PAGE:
Dental anxiety affects upto 50% of the UK adult population. As such, anxiety managment is a routine challenge dentists face and one we should be well equipped to manage.
Patients with significant anxiety are often managed using concious sedation. However, in this article, Dr Munir Ravalia discusses the non-pharmacological alternatives to consider when treating this cohort of patients.
Lecturer in Conscious Sedation, Medical & Clinical Hypnotherapist
Royal London Hospital
Munir qualified from The Royal London Hospital in 2002. He completed training as a Senior House Officer in Oral & Maxillofacial Surgery.
He is currently a Trust Dentist and Clinical Lecturer in Conscious Sedation at The Royal London Hospital and provides a peripatetic sedation service for dental practices.
In addition to his formal training, Munir has been trained in acupuncture for the head and neck region and obtained a Medical Diploma in Clinical Hypnosis. He is leading the clinical team at the hospital with a new psychology team, utilising techniques such as CBT, and Cognitive Hypnotherapy, to revolutionise the patient journey and placing at the forefront non pharmacological techniques for the management of those with severe dental anxiety and phobia.
Anxiety towards dental treatment is widespread in the population, it is a global phenomenon. The adult dental health survey in the UK figures report between 36%- 50% of participating adults had moderate dental anxiety and 12% extreme dental phobia. It is evident that much severe anxiety goes unreported as sufferers may not attend the dentist due to their fear.
Dental anxiety is unpleasant for sufferers. There are physical, psychological and behavioural consequences of anxiety and it may lead to neglect of the dentition.
For dental care professional’s anxious patients are an important cause of stress as it is often difficult to provide treatment for such individuals. In addition, anxiety may lead patients to cancel their appointments or simply fail to attend their appointments on the day.
Both pharmacological and psychological approaches to overcoming fear of dental treatment are widely reported in the literature, but no one approach is applicable to all. Behavioural methods have been shown to be effective and there is some evidence that long term improvement is more likely in patients who receive such methods compared to those who receive pharmacological interventions.
1) Non-pharmacological – CBT, Clinical Hypnotherapy
2) Pharmacological – Conscious Sedation – Inhalation, IHS and GA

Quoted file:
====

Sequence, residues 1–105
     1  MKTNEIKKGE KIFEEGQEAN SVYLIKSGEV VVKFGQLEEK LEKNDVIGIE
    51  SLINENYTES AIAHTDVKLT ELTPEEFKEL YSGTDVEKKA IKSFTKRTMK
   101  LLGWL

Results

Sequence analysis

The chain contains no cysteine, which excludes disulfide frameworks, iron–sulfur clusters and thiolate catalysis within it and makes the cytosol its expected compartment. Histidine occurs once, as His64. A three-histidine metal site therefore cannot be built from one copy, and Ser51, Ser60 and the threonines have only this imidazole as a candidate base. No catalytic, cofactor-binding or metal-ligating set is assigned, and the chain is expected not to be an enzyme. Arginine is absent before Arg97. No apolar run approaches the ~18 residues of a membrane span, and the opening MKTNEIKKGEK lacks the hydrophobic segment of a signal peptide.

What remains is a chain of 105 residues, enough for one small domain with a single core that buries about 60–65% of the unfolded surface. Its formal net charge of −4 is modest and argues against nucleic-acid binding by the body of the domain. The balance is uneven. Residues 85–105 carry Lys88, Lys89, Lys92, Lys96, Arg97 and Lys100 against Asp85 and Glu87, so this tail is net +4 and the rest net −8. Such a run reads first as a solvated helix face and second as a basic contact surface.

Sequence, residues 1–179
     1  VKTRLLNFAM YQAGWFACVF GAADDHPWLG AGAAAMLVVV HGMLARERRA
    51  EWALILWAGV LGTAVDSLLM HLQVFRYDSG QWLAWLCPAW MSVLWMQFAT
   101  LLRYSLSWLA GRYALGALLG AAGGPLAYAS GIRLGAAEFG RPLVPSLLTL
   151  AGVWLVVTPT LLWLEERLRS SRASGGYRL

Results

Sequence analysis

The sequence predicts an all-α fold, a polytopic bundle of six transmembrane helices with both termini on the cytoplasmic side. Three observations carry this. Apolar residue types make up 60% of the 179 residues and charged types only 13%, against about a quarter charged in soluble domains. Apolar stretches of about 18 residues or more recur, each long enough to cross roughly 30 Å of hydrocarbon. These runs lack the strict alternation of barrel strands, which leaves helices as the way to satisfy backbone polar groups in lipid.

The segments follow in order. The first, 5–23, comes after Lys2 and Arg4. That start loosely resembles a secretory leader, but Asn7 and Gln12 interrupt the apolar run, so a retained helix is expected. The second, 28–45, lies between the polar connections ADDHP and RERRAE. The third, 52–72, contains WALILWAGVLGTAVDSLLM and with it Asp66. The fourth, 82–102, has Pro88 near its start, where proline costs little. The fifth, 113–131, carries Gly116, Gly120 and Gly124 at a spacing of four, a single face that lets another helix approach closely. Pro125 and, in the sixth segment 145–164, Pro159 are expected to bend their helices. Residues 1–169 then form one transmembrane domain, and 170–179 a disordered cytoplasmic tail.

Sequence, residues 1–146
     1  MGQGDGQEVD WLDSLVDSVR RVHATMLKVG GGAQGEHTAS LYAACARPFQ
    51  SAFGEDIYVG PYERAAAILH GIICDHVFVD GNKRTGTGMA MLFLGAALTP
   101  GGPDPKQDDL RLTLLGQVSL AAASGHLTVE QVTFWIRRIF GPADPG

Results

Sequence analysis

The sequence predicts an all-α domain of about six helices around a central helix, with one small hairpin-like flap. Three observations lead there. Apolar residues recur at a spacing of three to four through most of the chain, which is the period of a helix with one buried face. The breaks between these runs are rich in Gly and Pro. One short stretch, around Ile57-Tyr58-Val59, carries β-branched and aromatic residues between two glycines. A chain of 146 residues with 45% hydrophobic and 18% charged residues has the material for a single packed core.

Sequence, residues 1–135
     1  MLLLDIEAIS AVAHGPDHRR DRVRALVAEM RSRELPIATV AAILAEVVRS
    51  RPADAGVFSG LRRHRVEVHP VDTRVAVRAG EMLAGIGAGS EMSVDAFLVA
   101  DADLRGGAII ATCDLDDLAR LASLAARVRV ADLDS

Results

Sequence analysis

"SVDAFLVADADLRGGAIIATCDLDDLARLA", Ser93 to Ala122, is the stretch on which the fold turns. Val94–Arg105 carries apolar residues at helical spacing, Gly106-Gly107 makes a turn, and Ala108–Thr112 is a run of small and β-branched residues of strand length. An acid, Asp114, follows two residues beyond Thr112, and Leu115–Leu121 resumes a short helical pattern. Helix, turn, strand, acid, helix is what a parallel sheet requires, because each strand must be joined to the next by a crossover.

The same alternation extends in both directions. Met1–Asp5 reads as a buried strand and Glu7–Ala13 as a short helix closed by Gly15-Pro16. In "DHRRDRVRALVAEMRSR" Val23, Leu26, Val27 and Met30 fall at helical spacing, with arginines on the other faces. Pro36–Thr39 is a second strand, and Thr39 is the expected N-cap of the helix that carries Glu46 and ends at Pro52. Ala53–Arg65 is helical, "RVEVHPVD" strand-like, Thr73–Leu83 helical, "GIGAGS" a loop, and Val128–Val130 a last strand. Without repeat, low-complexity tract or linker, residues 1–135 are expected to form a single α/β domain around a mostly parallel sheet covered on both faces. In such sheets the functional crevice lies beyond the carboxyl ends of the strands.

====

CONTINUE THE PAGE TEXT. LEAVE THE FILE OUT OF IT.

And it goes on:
So, what is clinical hypnotherapy and CBT? Clinical Hypnotherapy can simply be defined as a heightened state of awareness, whereby the therapist assists you to go into a deep state of relaxation, and is then able to give the patient the relevant suggestions for the changes they wish to make, it is known as the medicine of the imagination. CBT is a type of talking therapy, which focuses on how your thoughts, beliefs and attitudes affect your feelings and behaviour, and teaches coping skills for dealing with different problems.
A key question to ask is why do some patients fail even under conscious sedation. Well the answer may lie in the fact that the mind is divided into the conscious and subconscious. The most commonly used sedative can make people react in two ways- some become well sedated and cooperate under sedation and some react the total opposite way and become more agitate and angry, whereby you cannot provide the treatment safely. There are of course some key pharmacological issues at play, but a lot of those patients with a ‘failed sedation’, will likely have significant life events, which have now shaped the way their brain reacts.
As such mind therapies are key in healing these patients not only move forward in their dental journey but also helps them in their life.
Various pathways are available, from traditional university recognised certificates and diplomas. There are also many accredited CBT, Clinical Hypnotherapy institute’s that offer training for dentists and other allied health care professionals.
My advice is, if this is an area you are interested in, to have a chat with someone in this field who can then advise you and you can tailor your learning to what suits you, as you may wish to pursue such avenue in general practice or in the hospital setting.